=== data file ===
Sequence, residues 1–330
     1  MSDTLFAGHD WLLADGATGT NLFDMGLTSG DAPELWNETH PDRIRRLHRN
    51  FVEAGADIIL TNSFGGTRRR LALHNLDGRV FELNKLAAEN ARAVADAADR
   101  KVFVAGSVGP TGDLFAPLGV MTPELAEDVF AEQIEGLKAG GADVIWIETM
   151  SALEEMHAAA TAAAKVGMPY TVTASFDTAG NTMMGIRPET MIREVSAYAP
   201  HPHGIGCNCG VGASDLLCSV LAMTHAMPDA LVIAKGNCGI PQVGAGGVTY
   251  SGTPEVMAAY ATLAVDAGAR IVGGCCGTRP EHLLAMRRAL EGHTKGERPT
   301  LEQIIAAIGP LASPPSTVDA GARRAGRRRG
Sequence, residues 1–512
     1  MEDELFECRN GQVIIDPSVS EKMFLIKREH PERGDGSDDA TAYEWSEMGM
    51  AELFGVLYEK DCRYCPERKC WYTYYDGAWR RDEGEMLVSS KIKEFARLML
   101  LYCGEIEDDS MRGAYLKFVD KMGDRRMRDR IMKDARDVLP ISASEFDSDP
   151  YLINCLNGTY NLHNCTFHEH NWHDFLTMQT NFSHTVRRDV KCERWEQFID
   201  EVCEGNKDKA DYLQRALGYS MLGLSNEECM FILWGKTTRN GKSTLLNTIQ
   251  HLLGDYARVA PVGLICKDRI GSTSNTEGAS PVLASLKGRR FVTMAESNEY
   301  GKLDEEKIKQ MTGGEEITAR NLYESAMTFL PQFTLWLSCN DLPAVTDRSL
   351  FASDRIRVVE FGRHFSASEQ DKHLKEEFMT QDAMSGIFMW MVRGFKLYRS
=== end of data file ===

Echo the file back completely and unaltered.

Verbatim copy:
Sequence, residues 1–330
     1  MSDTLFAGHD WLLADGATGT NLFDMGLTSG DAPELWNETH PDRIRRLHRN
    51  FVEAGADIIL TNSFGGTRRR LALHNLDGRV FELNKLAAEN ARAVADAADR
   101  KVFVAGSVGP TGDLFAPLGV MTPELAEDVF AEQIEGLKAG GADVIWIETM
   151  SALEEMHAAA TAAAKVGMPY TVTASFDTAG NTMMGIRPET MIREVSAYAP
   201  HPHGIGCNCG VGASDLLCSV LAMTHAMPDA LVIAKGNCGI PQVGAGGVTY
   251  SGTPEVMAAY ATLAVDAGAR IVGGCCGTRP EHLLAMRRAL EGHTKGERPT
   301  LEQIIAAIGP LASPPSTVDA GARRAGRRRG
Sequence, residues 1–512
     1  MEDELFECRN GQVIIDPSVS EKMFLIKREH PERGDGSDDA TAYEWSEMGM
    51  AELFGVLYEK DCRYCPERKC WYTYYDGAWR RDEGEMLVSS KIKEFARLML
   101  LYCGEIEDDS MRGAYLKFVD KMGDRRMRDR IMKDARDVLP ISASEFDSDP
   151  YLINCLNGTY NLHNCTFHEH NWHDFLTMQT NFSHTVRRDV KCERWEQFID
   201  EVCEGNKDKA DYLQRALGYS MLGLSNEECM FILWGKTTRN GKSTLLNTIQ
   251  HLLGDYARVA PVGLICKDRI GSTSNTEGAS PVLASLKGRR FVTMAESNEY
   301  GKLDEEKIKQ MTGGEEITAR NLYESAMTFL PQFTLWLSCN DLPAVTDRSL
   351  FASDRIRVVE FGRHFSASEQ DKHLKEEFMT QDAMSGIFMW MVRGFKLYRS